The pandemic has compelled Lauren Brown to draw on her answers to the core questions of teaching. The best she can offer her history students is clarity – to teach what she believes matters and why. “Because if it matters, my students will care. And if they care, they will learn.”
Tagged: U.S. history
Moving current events front and center has been one of the most influential paradigm shifts in Sarah Cooper’s years of teaching U.S. History. How does she find the time? Learn three simple ways to help students stay attuned to the news and make historical connections.
On each page of History Class Revisited, teacher Jody Passanisi reveals a deep knowledge of middle school minds and hearts and offers many engaging strategies to help students on the way from literal to critical thinking about history, says reviewer Sarah Cooper.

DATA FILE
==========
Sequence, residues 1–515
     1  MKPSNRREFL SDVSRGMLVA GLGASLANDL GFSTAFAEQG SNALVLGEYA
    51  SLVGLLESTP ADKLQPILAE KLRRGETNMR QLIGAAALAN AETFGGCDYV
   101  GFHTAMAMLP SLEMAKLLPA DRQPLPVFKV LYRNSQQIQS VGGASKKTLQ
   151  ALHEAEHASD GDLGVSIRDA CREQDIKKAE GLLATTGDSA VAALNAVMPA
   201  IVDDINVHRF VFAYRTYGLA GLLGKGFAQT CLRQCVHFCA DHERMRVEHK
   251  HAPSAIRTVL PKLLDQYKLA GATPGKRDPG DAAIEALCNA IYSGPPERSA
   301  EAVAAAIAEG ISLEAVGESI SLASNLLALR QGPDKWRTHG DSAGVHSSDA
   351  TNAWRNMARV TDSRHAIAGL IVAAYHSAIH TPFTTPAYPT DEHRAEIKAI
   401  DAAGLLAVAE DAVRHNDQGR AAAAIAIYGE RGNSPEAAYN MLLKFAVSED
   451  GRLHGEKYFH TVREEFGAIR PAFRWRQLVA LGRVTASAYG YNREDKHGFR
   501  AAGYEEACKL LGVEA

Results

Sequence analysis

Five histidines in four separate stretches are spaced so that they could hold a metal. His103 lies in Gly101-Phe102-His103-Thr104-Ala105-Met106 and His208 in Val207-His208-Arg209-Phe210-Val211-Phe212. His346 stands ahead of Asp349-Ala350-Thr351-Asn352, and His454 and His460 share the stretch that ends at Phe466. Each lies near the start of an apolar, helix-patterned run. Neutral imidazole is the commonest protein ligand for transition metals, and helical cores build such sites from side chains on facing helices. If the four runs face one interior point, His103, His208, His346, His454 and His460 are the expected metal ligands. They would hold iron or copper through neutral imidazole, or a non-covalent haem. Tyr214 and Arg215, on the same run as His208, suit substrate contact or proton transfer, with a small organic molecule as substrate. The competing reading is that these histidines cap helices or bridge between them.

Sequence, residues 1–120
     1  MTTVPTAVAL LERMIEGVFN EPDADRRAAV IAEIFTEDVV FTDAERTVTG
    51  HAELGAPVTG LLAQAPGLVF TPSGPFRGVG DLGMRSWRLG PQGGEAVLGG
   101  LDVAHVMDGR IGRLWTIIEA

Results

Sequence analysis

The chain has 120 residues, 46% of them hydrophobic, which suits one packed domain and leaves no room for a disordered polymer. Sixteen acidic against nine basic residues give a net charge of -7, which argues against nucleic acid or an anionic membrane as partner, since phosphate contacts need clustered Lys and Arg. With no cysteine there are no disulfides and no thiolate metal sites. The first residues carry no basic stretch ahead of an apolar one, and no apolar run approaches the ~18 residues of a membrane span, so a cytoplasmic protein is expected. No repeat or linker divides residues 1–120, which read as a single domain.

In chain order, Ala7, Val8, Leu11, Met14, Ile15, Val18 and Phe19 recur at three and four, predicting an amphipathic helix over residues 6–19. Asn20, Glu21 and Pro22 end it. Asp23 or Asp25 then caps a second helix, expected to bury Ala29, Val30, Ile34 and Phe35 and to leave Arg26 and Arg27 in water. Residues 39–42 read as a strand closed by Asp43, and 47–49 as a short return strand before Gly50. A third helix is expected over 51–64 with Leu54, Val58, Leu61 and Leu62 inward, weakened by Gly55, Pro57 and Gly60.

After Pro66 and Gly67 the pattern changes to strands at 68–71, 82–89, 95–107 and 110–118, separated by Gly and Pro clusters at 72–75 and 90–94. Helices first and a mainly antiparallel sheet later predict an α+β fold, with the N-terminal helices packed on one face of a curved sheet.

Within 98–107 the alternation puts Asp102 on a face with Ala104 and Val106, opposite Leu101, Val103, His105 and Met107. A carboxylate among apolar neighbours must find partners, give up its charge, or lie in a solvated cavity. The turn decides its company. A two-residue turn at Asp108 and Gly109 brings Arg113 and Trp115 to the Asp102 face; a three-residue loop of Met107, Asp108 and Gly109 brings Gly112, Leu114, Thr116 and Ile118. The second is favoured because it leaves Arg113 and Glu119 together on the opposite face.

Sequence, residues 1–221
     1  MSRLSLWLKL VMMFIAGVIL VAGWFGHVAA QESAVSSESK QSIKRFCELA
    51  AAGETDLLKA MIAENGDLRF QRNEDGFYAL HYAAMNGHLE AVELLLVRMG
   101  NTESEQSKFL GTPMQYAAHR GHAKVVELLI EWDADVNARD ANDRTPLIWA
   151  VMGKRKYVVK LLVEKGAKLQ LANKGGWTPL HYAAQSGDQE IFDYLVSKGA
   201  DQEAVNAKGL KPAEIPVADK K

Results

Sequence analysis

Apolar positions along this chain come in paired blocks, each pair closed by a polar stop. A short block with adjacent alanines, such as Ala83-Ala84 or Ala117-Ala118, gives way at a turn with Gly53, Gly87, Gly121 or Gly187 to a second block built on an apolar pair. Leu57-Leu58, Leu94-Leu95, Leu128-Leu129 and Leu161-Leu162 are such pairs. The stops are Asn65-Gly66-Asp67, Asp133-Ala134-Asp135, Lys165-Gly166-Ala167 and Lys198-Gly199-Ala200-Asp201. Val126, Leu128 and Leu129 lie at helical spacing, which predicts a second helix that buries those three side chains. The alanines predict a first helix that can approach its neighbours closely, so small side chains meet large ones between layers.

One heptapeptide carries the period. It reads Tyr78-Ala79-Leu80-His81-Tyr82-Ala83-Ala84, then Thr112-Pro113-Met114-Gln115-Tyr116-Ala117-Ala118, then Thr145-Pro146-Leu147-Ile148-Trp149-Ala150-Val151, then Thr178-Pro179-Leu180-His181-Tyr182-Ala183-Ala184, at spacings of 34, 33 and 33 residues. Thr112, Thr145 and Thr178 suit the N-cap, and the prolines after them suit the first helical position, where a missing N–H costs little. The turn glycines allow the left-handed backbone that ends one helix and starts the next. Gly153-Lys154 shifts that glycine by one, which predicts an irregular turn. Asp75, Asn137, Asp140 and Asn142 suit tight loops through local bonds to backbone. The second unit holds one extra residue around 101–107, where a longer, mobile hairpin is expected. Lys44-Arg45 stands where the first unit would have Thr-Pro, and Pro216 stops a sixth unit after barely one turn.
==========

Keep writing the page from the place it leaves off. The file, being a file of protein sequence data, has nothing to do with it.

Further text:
Can history teachers apply Design Thinking ideas to a subject often taught as a progression of facts? Jody Passanisi thinks so. “What could be more relevant than looking for solutions to challenges that were created in the past and are still having impact today?”
Sarah Cooper’s spring U.S. history classes provided a dress rehearsal for the upcoming fall election season. Here are six classroom-tested strategies she plans to use during Constitution studies as her middle schoolers experience America’s often volatile political process first-hand.
When our social studies bloggers planned their U.S. History curriculum, they made sure to add contemporary music. The lyrics of rap and country decontextualize historical themes and let students make connections tying the past to the present.